Last week, I had a chance to sit down with Brendon Cussio, Morrissey Goodale’s head of sell-side M&A, to talk about what it takes for sellers to get the best all-around deals for their firms. Believe me, finding the time to talk was no mean feat given how busy Brendon is getting deals done for our clients—in fact, he was in the process of closing two deals during our discussion. Anyway, here’s how it went:

MG: Aside from “price,” what separates great deals from the not so great?

BC: Tax and legal structures are important considerations, but they are secondary to how the deal itself is structured. The headline purchase price is one thing, but what’s guaranteed? In a vacuum, a $175 million all-cash deal is actually better than a $200 million deal that is $150 million in cash and $50 million in, say, a three-year earnout. In addition to the present value of cash, a deal that features that kind of an earnout introduces a lot of uncertainty. 

MG: What kind of uncertainty?

BC: What if integration takes six months longer than was initially discussed? That kind of delay could have a serious impact on revenue and profitability. Or what if a corporate overhead allocation is placed on your business? If you have an earnout based on EBITDA performance, this corporate allocation could significantly reduce your ability to hit your earnout target. Are you able to realize revenue synergies and cross-pollinate as well as originally advertised? Will you be able to get that work from the buyers’ clients that they sub out? It sounded good in theory before the deal happened, but so do a lot of things. Plus, there are macro factors in play. Will there be another debt-ceiling issue? Are interest rates that are at a two-decade high going to cause key clients to put projects on hold? Is another major financial crisis going to blindside us? Anything can and does happen.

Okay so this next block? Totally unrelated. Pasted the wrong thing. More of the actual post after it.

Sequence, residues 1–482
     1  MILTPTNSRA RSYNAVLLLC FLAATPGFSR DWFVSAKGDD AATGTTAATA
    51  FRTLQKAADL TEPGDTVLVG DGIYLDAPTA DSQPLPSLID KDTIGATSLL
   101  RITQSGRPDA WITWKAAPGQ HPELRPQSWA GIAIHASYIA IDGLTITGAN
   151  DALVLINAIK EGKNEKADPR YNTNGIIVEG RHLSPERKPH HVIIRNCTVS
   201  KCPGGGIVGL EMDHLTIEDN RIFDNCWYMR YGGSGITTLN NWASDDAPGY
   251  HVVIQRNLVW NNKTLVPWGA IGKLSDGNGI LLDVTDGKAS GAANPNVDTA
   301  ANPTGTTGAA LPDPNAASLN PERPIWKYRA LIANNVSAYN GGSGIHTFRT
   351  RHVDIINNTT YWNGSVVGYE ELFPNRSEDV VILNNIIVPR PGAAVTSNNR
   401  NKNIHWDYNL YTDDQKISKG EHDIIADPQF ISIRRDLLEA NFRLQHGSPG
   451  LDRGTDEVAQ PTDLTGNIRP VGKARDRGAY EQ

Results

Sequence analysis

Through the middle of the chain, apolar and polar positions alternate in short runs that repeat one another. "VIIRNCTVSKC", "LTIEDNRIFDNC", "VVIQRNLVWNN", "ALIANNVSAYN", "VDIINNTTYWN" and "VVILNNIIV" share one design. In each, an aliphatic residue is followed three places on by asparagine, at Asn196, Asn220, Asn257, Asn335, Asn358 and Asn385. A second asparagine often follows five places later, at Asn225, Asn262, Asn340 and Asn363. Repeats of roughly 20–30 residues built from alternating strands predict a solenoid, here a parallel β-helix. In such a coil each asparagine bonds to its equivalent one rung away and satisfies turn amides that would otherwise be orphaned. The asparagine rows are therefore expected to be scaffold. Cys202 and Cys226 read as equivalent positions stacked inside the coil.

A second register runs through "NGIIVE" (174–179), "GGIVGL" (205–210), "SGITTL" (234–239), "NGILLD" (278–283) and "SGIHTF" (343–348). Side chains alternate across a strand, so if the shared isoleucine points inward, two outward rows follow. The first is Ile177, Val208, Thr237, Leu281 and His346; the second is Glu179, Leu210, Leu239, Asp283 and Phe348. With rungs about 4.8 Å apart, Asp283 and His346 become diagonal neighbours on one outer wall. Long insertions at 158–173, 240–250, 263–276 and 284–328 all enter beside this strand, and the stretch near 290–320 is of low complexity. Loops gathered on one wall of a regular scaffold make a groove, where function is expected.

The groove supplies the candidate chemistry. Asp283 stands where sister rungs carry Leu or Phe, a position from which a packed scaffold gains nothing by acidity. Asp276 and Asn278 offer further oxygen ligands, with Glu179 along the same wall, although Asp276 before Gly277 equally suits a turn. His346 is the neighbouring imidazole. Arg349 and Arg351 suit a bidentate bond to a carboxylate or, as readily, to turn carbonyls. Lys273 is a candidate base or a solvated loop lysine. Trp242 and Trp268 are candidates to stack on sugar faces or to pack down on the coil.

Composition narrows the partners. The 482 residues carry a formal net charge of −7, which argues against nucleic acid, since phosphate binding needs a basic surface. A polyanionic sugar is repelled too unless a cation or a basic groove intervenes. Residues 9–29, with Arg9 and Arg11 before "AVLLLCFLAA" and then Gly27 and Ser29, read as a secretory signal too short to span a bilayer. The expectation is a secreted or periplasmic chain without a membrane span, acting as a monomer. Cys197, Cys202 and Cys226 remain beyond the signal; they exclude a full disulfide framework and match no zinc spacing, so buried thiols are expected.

MG: So, the further you extend the payments, the less certain things get, right?

BC: Absolutely. You hope things will materialize the way they were discussed during the courtship, but who really knows? The future is famously hard to predict, and you might talk yourself into how easy it will be because you want to get the deal done. For example, you might anticipate very few, if any, defections after the deal, but if a few key managers get spooked for reasons real or imagined and decide to jump ship (which can and does happen to even the best of firms), your ability to attract new people, keep key clients, and ultimately reach those earnouts is going to be impacted. Or maybe that promise of the bolt-on acquisition that was going to help you double your revenue turned out to be vapor, and you find yourself scrambling to fill the gap. In any case, time has a way of turning a walk-in-the-park earnout into an uphill battle.